And have those stories be told to other patients in the community. And have them learn from other people just like them, what they did to take care of themselves. So really using the wisdom in a way within the community to help communicate with their families, their friends, and their neighbors. So different approaches in general, but the goal is to make research and clinical care. Again, which I feel it is very related and overlapping. Make it more familiar and make it more comfortable for our community members.

Dr. Deborah Taira: Yeah, I wanted to add something to that. I think when we think of culturally tailored, sometimes you think about having a picture of a Native Hawaiian person or using a certain word or whatever. But in our interviews, what we found was that I think what's culturally appropriate is really spending time with people. Not being rushed, listening to them, and responding to their questions in a very thoughtful and respectful manner. And that's what's culturally appropriate, more than just any specific word or picture.

Dr. Christine Lee: I would almost say it's culturally respectful. So no, that's a very good point there Deb. When we speak about expanding data availability, what does this mean for the communities that you serve?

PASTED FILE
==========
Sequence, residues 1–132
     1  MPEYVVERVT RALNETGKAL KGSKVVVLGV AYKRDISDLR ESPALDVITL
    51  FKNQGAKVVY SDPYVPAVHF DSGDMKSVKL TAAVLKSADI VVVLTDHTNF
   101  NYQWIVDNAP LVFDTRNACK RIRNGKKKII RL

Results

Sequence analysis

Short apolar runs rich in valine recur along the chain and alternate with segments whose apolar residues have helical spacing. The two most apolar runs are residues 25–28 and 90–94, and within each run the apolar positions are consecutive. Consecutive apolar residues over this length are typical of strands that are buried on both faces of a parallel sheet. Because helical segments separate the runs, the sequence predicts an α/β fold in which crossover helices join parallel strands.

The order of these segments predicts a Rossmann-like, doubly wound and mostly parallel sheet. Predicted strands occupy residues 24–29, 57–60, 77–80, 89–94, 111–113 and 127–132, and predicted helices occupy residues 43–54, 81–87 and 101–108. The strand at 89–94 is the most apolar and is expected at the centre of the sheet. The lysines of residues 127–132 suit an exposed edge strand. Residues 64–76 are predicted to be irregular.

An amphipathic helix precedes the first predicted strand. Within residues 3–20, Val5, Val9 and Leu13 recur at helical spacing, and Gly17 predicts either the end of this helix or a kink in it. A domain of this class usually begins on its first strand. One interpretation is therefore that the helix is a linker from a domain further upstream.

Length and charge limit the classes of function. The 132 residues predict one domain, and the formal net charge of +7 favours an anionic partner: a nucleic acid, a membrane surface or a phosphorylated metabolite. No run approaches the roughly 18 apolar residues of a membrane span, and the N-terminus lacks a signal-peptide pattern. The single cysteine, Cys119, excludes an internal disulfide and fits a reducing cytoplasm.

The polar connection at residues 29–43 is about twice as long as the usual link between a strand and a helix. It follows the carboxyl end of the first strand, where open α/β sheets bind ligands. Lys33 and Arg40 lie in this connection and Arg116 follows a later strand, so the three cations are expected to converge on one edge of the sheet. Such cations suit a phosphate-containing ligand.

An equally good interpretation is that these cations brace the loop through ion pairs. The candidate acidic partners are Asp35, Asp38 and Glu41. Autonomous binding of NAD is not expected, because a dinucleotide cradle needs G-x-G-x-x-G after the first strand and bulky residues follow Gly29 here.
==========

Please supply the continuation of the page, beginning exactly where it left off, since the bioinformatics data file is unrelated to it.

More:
Dr. Deborah Taira: Yeah, I feel for Native Hawaiians and Pacific Islanders in particular, there has been a long history of invisibility. Because they're often grouped, first of all with Asian Americans who have the longest life expectancy and very different issues. Or now, especially as Asian Americans are broken out, oftentimes Native Hawaiians and Pacific Islanders end up in another race category. And so, they still remain invisible. So not only do we have diversity within the community, we're not even looking at them separately.
So if you look at clinical trials that have been conducted, if you try and get data, it's almost impossible to get data on the number of Native Hawaiians or the number of Pacific Islanders that were in any specific trial. And if you do get it, the numbers are so small. Maybe like for a big diabetes medication, there's five that were in the country. Even though the prevalence is very high, many people are on these medications, none of them have really been tested in these populations.

Dr. Todd Seto: If you don't look at those populations, then I believe that's where disparities grow. And so what Deb is saying is that even though numbers are small, if we don't look for them, we don’t find them, we don't work with them, then the disparities that exist, we know they exist. And we can see it. We can see it in the patients in the hospital, as we're talking about for enrolling our clinical trials. If we don't look for them and we don't communicate with them and don't work with them, those disparities will at least persist, will probably worsen. And so thinking about clinical trials and thinking about clinical care and thinking about data, it's related. We need to find a population to work with them. And we need to work with them to reduce these disparities.